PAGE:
The fable relates to the cradle and infancy of nature, and pierces deep. This Love I understand to be the appetite or instinct of primal matter; or to speak more plainly, the natural motion of the atom; which is indeed the original and unique force that constitutes and fashions all things out of matter.

Passage 2:

Let us now consider his attributes. He is described with great elegance as a little child, and a child for ever; for things compounded are larger and are affected by age; whereas the primary seeds of things, or atoms, are minute and remain in perpetual infancy.

How do the two passages work together to develop Bacon's argument?

Passage 1 explains his central idea, while passage 2 supports it.

Read the sentence from Of the Wisdom of the Ancients.

They say then that Love was the most ancient of all the gods; the most ancient therefore of all things whatever, except Chaos, which is said to have been coeval with him; and Chaos is never distinguished by the ancients with divine honour or the name of a god.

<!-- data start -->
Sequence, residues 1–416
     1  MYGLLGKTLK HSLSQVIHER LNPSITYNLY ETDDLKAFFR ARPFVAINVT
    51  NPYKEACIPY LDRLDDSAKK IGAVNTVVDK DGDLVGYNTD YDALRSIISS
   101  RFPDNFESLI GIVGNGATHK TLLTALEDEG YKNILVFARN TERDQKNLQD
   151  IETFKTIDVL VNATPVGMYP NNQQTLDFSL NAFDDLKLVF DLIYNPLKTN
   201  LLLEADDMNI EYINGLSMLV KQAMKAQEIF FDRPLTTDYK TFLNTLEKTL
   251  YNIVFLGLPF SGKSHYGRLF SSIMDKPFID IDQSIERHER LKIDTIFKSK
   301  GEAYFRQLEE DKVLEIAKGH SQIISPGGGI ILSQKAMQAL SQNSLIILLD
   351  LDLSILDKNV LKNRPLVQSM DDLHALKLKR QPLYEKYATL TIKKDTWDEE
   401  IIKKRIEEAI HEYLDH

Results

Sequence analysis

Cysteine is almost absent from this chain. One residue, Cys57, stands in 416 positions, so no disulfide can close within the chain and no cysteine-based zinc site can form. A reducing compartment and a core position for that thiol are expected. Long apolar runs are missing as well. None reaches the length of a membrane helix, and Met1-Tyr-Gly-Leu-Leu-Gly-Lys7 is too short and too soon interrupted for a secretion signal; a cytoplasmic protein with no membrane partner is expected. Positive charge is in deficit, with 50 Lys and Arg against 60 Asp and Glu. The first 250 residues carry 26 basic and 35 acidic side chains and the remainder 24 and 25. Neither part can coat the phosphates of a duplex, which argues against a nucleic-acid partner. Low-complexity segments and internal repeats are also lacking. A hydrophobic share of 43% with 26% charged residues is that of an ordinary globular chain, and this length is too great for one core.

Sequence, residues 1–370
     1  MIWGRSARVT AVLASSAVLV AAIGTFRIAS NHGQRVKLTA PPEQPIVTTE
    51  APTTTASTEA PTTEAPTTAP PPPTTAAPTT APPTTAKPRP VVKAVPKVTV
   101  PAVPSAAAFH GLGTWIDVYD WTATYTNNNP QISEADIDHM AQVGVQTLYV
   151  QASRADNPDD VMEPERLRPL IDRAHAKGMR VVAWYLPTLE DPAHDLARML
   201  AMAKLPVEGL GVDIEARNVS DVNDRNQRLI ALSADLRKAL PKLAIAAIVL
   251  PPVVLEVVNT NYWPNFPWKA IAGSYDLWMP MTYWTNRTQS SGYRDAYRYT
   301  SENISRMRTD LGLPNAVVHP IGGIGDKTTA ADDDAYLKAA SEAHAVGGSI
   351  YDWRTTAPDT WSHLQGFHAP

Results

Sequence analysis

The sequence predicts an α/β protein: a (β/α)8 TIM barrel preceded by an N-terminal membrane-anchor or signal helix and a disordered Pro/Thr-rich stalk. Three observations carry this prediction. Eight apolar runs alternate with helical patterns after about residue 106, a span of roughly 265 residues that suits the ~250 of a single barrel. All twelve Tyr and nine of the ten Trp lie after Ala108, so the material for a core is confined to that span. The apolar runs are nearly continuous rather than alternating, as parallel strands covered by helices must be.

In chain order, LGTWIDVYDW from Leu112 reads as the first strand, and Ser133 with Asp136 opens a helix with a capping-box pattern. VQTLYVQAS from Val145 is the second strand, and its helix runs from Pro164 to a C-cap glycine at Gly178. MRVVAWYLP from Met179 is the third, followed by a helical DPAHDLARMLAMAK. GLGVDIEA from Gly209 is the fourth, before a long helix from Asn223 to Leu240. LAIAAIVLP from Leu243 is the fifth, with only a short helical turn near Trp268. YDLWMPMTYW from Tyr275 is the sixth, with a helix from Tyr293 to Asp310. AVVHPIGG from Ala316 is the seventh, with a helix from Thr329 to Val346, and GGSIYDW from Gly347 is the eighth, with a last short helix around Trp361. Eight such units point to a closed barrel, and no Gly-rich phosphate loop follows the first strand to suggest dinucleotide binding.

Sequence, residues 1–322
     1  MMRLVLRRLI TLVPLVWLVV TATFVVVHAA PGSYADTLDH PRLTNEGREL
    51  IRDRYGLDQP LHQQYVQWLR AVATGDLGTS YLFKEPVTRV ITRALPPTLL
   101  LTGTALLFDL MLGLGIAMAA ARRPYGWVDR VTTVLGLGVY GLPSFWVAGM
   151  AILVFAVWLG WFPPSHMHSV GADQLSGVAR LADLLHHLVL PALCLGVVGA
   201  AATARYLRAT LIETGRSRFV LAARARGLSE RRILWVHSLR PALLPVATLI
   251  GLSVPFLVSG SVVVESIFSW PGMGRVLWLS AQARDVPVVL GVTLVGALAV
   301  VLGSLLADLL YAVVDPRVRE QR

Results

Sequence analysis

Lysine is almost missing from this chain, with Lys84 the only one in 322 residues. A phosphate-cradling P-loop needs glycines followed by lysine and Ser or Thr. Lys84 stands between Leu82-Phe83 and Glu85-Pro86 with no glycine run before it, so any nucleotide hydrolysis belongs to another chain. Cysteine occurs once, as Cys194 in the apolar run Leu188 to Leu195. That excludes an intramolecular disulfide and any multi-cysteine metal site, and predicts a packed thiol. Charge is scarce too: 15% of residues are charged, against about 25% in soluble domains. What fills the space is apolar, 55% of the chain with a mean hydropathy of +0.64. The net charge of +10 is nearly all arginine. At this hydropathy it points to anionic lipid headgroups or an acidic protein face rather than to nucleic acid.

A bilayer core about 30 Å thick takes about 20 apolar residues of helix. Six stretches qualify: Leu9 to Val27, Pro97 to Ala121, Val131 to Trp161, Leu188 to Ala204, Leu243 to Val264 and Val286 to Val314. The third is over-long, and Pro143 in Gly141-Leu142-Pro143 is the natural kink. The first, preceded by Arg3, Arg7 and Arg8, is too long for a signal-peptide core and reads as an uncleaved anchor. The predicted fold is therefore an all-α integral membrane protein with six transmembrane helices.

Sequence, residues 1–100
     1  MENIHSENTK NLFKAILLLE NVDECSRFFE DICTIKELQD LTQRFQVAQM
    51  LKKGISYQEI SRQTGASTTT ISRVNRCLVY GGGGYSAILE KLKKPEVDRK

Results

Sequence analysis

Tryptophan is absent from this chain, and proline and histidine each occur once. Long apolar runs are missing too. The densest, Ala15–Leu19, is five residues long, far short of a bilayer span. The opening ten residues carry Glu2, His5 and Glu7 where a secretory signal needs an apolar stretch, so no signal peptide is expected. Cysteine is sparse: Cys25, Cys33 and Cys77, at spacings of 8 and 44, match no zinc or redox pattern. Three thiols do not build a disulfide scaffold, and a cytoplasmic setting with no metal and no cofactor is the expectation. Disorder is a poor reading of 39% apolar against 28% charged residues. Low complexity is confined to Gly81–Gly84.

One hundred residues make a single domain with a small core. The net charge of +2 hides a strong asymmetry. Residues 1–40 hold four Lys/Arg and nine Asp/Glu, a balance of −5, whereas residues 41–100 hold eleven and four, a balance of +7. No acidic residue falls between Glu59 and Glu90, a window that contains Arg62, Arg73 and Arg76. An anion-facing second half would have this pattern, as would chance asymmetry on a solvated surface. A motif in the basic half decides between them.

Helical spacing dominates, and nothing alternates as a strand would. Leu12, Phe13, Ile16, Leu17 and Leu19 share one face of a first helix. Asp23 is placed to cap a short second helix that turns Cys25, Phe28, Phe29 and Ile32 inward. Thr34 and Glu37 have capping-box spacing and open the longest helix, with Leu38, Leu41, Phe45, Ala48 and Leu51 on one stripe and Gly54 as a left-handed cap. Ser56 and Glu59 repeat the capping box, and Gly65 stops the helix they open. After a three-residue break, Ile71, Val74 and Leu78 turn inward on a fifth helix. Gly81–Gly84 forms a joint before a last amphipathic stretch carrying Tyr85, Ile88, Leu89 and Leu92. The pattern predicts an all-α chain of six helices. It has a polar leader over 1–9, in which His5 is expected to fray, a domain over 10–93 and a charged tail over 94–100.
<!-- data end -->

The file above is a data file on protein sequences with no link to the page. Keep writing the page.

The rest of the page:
To correctly paraphrase this sentence, Tamar should

restate it in her own words.

Read the passage from "An Essay on Man."

Most strength the moving principle requires;
Active its task, it prompts, impels, inspires.
Sedate and quiet the comparing lies,
Formed but to check, deliberate, and advise.

Which word in the passage defines sedate?

quiet

Read the excerpt from Bruno's summary of Gulliver's Travels.

When Gulliver tours the academy, he sees a man attempting to get sunbeams out of cucumbers and a man trying to turn ice into gunpowder.

This summary is an example of _____________________

a paraphrase

Read the passage from Gulliver's Travels.

There was a most ingenious architect, who had contrived a new method for building houses, by beginning at the roof, and working downward to the foundation.

Which is an objective summary of the passage?

Gulliver encounters an architect who builds houses from the top down.